Several years ago my wife discovered that when she stopped wearing a bra her breast pain disappeared.
large-scale studies for determining the exact magnitude of any bra/disease
have not yet been undertaken, there is ample evidence of a
connection between bra wearing and breast
health/disease in many
This site attempts to collect some of that information together
where those interested can form their own opinions of the weight of evidence that is slowly building.
I am greatly indebted to all those who are working tirelessly to spread the word on bra disease and to
those women who have offered their case histories to help other women in their quest for the truth.
an attempt to understand what is the mechanism behind bra disease, I have applied some very basic science
to try to measure the forces actually involved when a bra constricts the chest. The work I have done
to date is reproduced below.
I would welcome any comments you may wish to make, or any questions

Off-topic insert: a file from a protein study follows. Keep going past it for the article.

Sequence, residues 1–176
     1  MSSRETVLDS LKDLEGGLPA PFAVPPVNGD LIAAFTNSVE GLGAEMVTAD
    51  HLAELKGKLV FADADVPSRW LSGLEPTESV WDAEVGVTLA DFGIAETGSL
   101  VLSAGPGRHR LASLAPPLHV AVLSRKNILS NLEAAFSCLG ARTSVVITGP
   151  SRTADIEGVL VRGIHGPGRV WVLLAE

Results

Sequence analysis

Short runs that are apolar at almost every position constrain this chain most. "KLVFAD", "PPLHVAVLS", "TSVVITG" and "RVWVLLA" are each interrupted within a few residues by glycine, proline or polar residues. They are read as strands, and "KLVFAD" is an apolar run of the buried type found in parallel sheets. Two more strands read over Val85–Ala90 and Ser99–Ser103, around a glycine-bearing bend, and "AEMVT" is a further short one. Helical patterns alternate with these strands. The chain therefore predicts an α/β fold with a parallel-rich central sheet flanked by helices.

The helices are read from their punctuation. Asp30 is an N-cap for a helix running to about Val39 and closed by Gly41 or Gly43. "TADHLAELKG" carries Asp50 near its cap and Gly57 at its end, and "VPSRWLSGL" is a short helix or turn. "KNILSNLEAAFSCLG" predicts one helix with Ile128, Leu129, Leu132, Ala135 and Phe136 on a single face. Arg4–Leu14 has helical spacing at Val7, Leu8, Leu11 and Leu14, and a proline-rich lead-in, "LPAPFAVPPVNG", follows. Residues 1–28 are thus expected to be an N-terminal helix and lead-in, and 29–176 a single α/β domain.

you would like to ask. Thank you.
Click here to skip the report and go straight to references and case histories
Experiment to measure the force exerted by a bra on the lymphatic system.|
The point loading force exerted on various parts of the shoulders and breasts by a
bra was measured using a mechanical force meter. The values obtained were compared with published figures
of lymphatic pressure. At 11 of the 12 points tested the pressure exerted by the bra was found to be
greater than the published values for pressure within the human lymphatic vessels. The consequences of
this are discussed in terms of impeded lymphatic flow.
Many women find
bra-wearing uncomfortable and in some instances physically painful. It is clear from the red marks and
grooves left on the skin that the bra straps exert considerable clamping pressure. Additionally, there
is increasing medical evidence that bra wearing may be causing impeded lymphatic flow and may subsequently
be linked to various breast diseases. This experiment aimed to measure the forces exerted by bra straps
and other parts of the bra and correlates these loadings with known positions of major lymphatic vessels
and lymph nodes. By comparing the forces acting on the skin with the published values for lymphatic pressures
some conclusions may be made regarding the effects of long-term bra wearing on lymphatic circulation.
To Experimental Method